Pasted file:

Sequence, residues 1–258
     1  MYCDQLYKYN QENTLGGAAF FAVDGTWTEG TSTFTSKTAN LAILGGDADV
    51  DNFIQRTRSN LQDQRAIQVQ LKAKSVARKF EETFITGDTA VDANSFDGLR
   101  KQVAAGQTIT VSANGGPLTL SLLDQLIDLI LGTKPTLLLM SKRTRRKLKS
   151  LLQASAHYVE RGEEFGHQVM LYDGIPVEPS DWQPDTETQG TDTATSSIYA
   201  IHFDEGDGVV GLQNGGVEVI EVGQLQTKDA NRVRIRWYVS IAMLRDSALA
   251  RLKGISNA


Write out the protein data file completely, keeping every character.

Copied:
Sequence, residues 1–258
     1  MYCDQLYKYN QENTLGGAAF FAVDGTWTEG TSTFTSKTAN LAILGGDADV
    51  DNFIQRTRSN LQDQRAIQVQ LKAKSVARKF EETFITGDTA VDANSFDGLR
   101  KQVAAGQTIT VSANGGPLTL SLLDQLIDLI LGTKPTLLLM SKRTRRKLKS
   151  LLQASAHYVE RGEEFGHQVM LYDGIPVEPS DWQPDTETQG TDTATSSIYA
   201  IHFDEGDGVV GLQNGGVEVI EVGQLQTKDA NRVRIRWYVS IAMLRDSALA
   251  RLKGISNA